MANCHESTER, N.H. — When Claire Preece went to see Nikki Haley speak this week, the registered independent was still conflicted over whether she’d vote in Tuesday’s Republican or Democratic primary. But she knew one thing for sure: Joe Biden is too old to earn her vote again.
“You know, you’ve done your job,” Preece said of Biden. “My goodness it’s time. I retired from nursing, when it just got to be too much. It’s done, you’ve done your part … [Biden] needs to retire. He’s not appropriate anymore.”
Biden’s age comes up over and over again on the campaign trail among Trump-supporting Republicans, but also among independents who backed Biden in the last election and now feel he is too old to run again. For New Hampshire voters leaning toward voting for Haley, many cited her age — she’s 52 — as a major incentive.
Haley is most directly positioned to benefit from real concerns about Biden’s age — voters here are worried about the president falling or another medical emergency, and used words like “old” and “tired” to describe him — in the Granite State, where independents can choose in which primary to participate. Across the state at recent campaign events, many of them seemed interested in the former U.N. ambassador and former South Carolina governor, who was described as part of a new generation.
Haley is leaning into that opening, stepping up attacks on Biden and Trump, hitting them on their older ages. At all of her recent campaign events, she says some variation of, “people don’t want two 80 year-olds running for president,” — a line that often generates applause and laughter from the crowd. Haley will also often say Vice President Harris will become president if the country reelects Biden, a not-so-subtle suggestion that Biden could die in office.
But it’s unclear how independents — who form roughly 30 percent of the American electorate — will behave in the general election if, as polls suggest, the matchup will ultimately be between Biden and Trump.
Biden’s age has loomed over his reelection efforts, seemingly his biggest political vulnerability. Public polls consistently show voters, as many as three out of four, believe he’s too old to run the country for another four years. Since he first started running for president in 2019, Biden has often responded to concerns about his age with two words: “Watch me.”
In recent months, Biden has acknowledged questions about his age are “totally legitimate,” but he has tried to defuse them with humor while also emphasizing his experience. Several months ago, Ben LaBolt, White House communications director, said about the attacks on Biden’s age: “No president has ever come to the job with more experience, and President Biden has leveraged that experience into a record of accomplishments that few presidents have matched.”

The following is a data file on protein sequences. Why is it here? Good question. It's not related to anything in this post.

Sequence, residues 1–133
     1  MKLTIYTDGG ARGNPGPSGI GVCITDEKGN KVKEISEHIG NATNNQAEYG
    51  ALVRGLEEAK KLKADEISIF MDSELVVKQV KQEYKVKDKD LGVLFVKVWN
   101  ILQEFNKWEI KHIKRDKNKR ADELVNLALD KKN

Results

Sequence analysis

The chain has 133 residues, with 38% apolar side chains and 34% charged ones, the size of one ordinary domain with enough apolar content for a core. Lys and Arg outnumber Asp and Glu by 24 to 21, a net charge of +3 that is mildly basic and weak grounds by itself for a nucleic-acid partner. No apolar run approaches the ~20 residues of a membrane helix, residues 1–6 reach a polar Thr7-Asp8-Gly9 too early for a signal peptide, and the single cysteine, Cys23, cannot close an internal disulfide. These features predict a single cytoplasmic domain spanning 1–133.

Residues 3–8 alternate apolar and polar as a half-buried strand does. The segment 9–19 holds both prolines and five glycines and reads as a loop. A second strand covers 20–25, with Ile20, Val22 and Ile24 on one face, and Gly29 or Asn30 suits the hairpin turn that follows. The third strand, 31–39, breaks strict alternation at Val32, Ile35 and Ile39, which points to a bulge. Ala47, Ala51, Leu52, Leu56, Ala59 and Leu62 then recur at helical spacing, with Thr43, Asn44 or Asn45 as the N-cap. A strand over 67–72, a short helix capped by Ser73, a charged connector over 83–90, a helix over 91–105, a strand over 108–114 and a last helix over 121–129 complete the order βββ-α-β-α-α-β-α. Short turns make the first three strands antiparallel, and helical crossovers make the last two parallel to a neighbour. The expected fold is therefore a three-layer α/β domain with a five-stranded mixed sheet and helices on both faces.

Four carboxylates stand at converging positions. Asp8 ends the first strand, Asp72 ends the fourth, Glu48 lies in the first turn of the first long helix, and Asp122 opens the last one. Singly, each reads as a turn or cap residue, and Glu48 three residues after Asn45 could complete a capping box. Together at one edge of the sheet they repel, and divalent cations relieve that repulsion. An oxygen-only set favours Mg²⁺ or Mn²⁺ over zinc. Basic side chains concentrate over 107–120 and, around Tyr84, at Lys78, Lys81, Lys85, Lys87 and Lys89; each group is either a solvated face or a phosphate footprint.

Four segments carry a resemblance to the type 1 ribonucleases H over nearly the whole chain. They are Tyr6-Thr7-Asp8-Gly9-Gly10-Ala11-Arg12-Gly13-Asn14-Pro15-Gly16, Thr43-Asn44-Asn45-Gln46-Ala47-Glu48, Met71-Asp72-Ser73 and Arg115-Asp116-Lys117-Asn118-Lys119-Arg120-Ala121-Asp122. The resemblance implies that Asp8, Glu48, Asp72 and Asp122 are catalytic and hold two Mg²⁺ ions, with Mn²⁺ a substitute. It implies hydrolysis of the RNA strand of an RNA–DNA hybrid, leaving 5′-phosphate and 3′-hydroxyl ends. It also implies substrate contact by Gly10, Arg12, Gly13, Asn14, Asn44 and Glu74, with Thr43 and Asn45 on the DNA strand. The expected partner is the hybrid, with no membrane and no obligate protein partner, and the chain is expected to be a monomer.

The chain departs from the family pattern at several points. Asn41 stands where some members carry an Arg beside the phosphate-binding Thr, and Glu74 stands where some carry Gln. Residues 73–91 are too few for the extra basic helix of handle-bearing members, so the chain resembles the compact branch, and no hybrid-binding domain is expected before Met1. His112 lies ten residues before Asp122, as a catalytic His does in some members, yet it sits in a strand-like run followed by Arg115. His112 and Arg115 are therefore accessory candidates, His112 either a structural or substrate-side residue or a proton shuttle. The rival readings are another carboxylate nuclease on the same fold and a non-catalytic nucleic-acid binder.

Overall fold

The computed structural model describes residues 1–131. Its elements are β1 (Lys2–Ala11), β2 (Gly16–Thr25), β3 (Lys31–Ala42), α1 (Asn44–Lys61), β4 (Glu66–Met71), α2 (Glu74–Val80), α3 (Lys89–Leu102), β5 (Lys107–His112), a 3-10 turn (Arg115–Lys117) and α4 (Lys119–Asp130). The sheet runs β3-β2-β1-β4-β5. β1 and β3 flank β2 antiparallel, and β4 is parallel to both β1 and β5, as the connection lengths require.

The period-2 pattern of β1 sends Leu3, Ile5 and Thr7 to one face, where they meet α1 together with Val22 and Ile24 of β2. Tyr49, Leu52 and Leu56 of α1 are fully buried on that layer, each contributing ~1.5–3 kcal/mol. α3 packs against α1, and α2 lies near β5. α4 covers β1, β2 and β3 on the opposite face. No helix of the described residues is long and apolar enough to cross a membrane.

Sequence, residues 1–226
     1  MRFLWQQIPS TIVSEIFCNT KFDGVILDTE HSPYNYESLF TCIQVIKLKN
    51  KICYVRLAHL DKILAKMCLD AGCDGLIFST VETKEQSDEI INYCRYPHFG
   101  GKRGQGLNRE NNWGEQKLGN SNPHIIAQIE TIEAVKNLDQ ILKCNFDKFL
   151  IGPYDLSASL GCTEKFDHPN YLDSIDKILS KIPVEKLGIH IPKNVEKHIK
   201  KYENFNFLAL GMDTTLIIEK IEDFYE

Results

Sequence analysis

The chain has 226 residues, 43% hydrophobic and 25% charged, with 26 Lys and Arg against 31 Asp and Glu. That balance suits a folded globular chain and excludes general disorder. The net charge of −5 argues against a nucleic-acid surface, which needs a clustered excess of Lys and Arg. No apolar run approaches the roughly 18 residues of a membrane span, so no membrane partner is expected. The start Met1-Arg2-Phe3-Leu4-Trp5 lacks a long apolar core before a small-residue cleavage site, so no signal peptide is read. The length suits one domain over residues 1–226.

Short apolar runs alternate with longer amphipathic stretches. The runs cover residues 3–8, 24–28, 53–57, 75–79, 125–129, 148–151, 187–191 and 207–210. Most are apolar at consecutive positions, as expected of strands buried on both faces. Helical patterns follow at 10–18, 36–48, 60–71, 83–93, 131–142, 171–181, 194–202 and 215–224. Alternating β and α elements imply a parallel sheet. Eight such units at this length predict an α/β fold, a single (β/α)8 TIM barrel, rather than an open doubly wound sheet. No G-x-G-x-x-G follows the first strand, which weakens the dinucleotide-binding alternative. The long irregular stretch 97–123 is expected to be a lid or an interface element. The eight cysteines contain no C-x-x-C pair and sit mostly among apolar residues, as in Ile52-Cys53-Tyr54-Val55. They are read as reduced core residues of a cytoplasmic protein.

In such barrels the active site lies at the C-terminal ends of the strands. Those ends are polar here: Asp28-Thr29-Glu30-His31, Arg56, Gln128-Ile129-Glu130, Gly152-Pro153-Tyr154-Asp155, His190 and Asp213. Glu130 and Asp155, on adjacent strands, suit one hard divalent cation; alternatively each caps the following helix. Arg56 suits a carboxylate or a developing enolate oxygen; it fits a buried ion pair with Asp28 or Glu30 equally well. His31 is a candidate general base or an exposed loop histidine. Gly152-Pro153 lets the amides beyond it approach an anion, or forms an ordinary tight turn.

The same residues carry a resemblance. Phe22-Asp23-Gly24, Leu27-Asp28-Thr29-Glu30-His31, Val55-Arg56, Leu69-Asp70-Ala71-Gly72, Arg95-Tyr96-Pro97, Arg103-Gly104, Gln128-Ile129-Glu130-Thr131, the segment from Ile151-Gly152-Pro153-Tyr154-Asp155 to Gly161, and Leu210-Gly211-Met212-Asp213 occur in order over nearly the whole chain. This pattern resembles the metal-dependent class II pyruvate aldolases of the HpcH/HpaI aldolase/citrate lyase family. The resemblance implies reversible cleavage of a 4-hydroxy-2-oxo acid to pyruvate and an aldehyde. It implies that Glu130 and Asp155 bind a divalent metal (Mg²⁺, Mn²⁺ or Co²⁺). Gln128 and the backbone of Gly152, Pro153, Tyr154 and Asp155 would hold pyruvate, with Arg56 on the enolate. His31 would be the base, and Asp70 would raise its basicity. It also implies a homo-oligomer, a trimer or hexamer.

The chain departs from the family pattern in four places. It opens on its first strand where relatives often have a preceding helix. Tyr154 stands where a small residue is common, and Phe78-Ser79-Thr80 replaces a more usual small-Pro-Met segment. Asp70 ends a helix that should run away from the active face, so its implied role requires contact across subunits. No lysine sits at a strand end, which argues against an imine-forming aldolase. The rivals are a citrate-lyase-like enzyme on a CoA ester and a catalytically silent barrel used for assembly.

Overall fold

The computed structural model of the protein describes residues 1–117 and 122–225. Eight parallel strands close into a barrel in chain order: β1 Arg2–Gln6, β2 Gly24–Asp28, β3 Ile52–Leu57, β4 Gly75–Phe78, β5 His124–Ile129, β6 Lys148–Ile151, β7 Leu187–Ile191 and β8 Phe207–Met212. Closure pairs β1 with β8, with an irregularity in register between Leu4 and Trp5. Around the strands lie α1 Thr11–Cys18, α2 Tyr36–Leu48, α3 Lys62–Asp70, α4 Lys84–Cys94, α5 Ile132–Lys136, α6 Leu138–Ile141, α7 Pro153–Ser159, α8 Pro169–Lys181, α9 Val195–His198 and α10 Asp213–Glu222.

Brian Kearns, an independent from Rochester backing Haley, said he voted for Biden in 2020 but has “no idea” what he would do if faced with another rematch.
“His leadership has not been what I thought it would be,” Kearns said of Biden. “When he was vice president he seemed more alert, a smart guy, [and now] you just don’t see that.”
Those sentiments were echoed by other New Hampshire independents, though some of them said they would back Biden over Trump if they end up facing each other in the general election.
Martina Kenny of Bedford, N.H., an independent planning to vote for Haley in the primary, voted for Biden four years ago, and said she would again if her choice is between him and Trump. But if Haley were to win the GOP nomination, she’d likely vote for her because she’s worried about Biden’s age.
“I guess my concern obviously would be [Biden’s] health, you know, that if anything ever happened, I mean, not to say that can’t happen to anybody, but as you get older, you’re more susceptible to falls and breaks and heart attacks,” Kenny said just before Haley spoke at a campaign event on Friday night. “I would be concerned about, you know, who’s going to take over if something ever happened to him. Nikki just seems, she’s young, she’s vibrant, she’s a fresh face and we need that in this country.”
Roland Nutter, and his wife, Debbie, from Pepperell, Mass., crossed state lines to attend a Haley event in Hollis, already big fans of hers. Nutter is a registered Republican, but said he has not supported Trump in the last two elections. He doesn’t think Biden has done a bad job as a president, but said, “my biggest concern is his age.”
“We need a younger generation,” Nutter said. “I thought we had passed a torch a while ago.”
The issue of Biden’s age is also central to Minnesota Democratic Rep. Dean Phillips’ sales pitch in his long shot challenge to Biden in the Democratic primary. “At that stage of life, it is impossible ultimately to conduct, to prosecute the office of the American presidency in the way that this country in the world needs right now. That is an absolute truth,” he told Axios in a recent interview.
At a Phillips event on the eve of the New Hampshire primary, Jane Levesque said she had switched to the Democratic Party because of Trump. She called Trump a “constant liar” and said she abhorred how he called his opponents’ names, such as when he referred to Biden as “Sleepy Joe.” But now, as Biden’s contemporary, she was concerned about his age.
“As an 82-year-old I know what it’s like to be old and tired,” said Levesque, who said she would be voting for Phillips.
Meanwhile, her husband, Adrian, 85, standing beside her at a Phillips event, shared his wife’s desire for someone new. He thought Haley could offer a fresh, badly needed perspective to the Republican Party.
“She’s young, she’s a new generation,” he said.
Several days ago, waiting to see Haley in person for the first time, Preece offered a similar assessment.
“We gotta get somebody who isn’t a heartbeat away from the casket,” she said.
Tyler Pager, Meryl Kornfield and Joel Achenbach contributed to this report.